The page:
House Elections Committee Passes Reduced Enforcement and Lower Penalties for Voter Fraud

On Tuesday, the House Elections Committee passed HF637 (authored by Rep. Halverson, D-51B) on a voice vote and referred it to the Public Safety Committee.

The bill is ostensibly designed to provide better notification to convicted felons of the loss of their voting rights, and when those rights have been restored (upon successful completion of probation). Unfortunately, the bill doesn’t just accomplish felon notification. It will also reduce the penalties for people found to have intentionally violated Minnesota’s election laws and make investigation prosecution of voter fraud optional.

Minnesota Majority supports the basic concept of improving voting rights notifications to convicted felons. After the 2008 election, 1,099 felons were found to have voted while ineligible in that election. 200 of those were later convicted for “ineligible voter knowingly votes,” and/or intentionally registering to vote while ineligible. If it’s assumed that the rest weren’t convictable because the felons didn’t knowingly violate the law, then better notification could have potentially prevented 899 unlawful ballots from corrupting the election system.

Two sections of the bill are not at all needed for the bill to accomplish its ostensible purpose of improving felon notification and are seriously detrimental to the integrity of Minnesota’s election system.

Section 2 of the bill has the ostensible intent to reduce the offence of “accidentally” registering to vote while ineligible from a felony to a misdemeanor, if the person doesn’t subsequently vote.

Because of the way the section is written, the actual effect is much different than the stated intent.

What it actually does is reduce the offense of intentionally causing a person who is not eligible to become registered to vote. This doesn’t just apply to convicted felons. It also applies to non-citizens and mentally incapacitated people under guardianships. So, if a person deliberately registered a mentally incapacitated person who is not capable of voting, for fraudulent purposes, that offense (which is now rightfully a felony) would be reduced to a misdemeanor.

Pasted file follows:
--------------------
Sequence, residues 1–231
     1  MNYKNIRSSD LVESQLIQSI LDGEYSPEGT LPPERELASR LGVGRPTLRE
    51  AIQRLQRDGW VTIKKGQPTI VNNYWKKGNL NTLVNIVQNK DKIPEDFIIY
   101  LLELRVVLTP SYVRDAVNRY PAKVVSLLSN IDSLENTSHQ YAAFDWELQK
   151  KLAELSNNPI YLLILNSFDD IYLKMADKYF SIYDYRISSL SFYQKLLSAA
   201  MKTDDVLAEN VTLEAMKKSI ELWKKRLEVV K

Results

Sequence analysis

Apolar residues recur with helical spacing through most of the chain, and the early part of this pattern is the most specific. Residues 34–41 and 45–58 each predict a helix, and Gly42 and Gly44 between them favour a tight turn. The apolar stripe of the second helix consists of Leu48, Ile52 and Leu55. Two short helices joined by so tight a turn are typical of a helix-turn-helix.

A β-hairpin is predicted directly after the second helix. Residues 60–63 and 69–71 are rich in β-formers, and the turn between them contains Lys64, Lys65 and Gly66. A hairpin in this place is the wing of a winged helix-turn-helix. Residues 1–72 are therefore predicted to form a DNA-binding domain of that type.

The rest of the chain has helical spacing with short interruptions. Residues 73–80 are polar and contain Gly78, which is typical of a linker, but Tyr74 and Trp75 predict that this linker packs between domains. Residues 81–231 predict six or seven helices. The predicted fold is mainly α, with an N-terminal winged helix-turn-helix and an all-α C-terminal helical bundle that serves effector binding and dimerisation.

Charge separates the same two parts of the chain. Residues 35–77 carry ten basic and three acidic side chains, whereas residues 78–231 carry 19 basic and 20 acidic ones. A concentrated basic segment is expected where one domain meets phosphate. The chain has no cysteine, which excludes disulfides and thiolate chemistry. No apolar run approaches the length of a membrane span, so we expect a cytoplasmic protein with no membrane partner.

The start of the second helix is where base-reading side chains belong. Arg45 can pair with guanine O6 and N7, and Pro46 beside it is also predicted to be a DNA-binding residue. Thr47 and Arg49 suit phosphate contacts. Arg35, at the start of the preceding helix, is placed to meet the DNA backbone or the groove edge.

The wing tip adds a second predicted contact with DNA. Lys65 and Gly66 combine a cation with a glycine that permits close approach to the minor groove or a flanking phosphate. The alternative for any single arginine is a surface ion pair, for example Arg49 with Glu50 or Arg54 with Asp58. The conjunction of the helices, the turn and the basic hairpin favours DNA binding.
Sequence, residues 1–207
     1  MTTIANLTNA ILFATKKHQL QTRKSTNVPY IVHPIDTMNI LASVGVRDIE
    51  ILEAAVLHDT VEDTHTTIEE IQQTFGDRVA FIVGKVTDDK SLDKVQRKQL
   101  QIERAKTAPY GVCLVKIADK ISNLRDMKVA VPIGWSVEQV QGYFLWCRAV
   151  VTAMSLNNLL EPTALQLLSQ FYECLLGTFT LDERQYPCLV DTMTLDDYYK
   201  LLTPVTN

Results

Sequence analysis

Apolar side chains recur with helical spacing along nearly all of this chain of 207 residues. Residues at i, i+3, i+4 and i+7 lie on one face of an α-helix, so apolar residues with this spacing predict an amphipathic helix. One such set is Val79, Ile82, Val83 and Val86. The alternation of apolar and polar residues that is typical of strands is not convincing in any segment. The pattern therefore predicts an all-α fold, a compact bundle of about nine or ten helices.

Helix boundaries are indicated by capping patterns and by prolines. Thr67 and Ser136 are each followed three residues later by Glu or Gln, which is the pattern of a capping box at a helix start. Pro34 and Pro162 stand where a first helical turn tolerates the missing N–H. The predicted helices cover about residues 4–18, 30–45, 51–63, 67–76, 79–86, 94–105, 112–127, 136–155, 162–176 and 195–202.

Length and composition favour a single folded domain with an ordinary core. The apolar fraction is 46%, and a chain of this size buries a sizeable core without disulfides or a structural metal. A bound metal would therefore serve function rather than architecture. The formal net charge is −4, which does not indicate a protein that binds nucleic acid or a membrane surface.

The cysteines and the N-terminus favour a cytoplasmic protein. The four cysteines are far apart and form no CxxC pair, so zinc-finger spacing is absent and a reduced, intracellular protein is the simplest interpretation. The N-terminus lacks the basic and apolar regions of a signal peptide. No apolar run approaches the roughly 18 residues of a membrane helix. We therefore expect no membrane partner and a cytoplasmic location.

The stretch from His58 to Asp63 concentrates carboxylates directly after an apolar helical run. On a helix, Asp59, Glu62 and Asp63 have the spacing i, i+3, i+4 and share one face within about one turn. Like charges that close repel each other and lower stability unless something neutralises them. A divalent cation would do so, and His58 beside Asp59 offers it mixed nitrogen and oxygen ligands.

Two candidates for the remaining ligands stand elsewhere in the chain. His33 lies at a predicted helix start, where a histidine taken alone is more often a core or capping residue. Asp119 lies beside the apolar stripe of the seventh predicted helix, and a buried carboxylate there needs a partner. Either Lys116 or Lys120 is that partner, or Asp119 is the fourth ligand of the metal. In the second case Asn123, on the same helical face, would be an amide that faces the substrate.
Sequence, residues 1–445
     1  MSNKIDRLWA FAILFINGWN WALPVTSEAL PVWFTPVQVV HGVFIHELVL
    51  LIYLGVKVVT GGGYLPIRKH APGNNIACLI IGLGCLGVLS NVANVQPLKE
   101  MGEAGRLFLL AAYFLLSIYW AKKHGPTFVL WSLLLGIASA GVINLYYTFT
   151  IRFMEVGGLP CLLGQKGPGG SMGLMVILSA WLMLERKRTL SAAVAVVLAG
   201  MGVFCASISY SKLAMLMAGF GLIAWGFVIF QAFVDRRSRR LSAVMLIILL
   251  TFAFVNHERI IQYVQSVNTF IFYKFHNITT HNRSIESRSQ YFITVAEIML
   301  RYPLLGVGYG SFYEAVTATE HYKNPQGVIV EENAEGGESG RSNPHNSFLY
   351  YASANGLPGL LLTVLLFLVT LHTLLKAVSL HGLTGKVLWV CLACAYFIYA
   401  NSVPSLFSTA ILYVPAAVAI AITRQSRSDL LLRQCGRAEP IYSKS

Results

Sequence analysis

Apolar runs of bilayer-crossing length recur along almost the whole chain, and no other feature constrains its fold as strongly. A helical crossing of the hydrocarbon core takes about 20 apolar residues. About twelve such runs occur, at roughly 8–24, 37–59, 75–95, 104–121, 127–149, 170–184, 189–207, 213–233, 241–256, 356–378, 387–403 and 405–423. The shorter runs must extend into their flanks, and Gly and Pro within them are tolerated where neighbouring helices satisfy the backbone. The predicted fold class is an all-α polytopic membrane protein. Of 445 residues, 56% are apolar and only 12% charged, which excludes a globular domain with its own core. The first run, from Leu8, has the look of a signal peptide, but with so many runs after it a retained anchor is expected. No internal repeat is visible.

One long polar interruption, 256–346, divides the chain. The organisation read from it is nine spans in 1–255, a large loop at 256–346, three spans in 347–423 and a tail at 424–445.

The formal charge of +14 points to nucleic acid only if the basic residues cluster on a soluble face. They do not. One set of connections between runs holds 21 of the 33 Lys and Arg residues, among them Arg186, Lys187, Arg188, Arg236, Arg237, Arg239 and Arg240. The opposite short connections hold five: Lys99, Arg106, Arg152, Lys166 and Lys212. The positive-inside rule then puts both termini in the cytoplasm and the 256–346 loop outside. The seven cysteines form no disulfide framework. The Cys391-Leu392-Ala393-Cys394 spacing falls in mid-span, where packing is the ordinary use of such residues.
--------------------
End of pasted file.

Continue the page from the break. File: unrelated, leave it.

Section 2 is also completely unnecessary, even if it was written to do what the authors claim the intent is. There is no need to reduce the penalties for “mistakenly” registering to vote, because there is currently no penalty for mistakenly registering to vote. The law requires intent to convict.

The only actual effect of section 2 of this bill is to reduce the penalties for people who are intentionally doing something illegal to affect our election process.

Section 4 of the bill was apparently prompted by county attorneys who have been complaining about being required by law to investigate and prosecute voter fraud. They’d rather not deal with it. Several county attorneys have gone on record saying they’d rather not spend time prosecuting voter fraud crimes when they have to deal with other “more important crimes.”
This section would relive county attorneys of the absolute responsibility to follow up on voter fraud complaints and upon finding probable cause, to prosecute.

This will ultimately make investigating and prosecuting voter fraud optional, and with no one person responsible, there’s no one to be held to account. Right now it’s a crime for a county attorney not to take action on fraud, which is a part of law that Minnesota Majority has had to remind many county attorneys of in order to get them to take action on the fraud that was uncovered in the wake of the 2008 and 2010 elections.

This radical change could lead to politically-motivated selective prosecution of voter fraud. It will assuredly lead to lax and inconsistent enforcement and the public, or the individuals lodging voter fraud complaints will have no recourse.

Because failing to faithfully investigate and prosecute voter fraud has political ramifications that can affect election outcomes and shake voter confidence in the system, it should remain a crime

Similar provisions to weaken the integrity of these areas of Minnesota’s election law were also included in an omnibus elections bill that passed out of the Senate Elections Committee and was referred to the Finance Committee.

Take Action: Object to these attempts to further weaken the integrity of Minnesota’s elections. Contact your state representative now.

One Response to House Elections Committee Passes Reduced Enforcement and Lower Penalties for Voter Fraud

  1. Dianna March 7, 2013 at 12:16 pm #

    Where were you heads when you came up with this. You have to be a Dem, no one else would have thought of this

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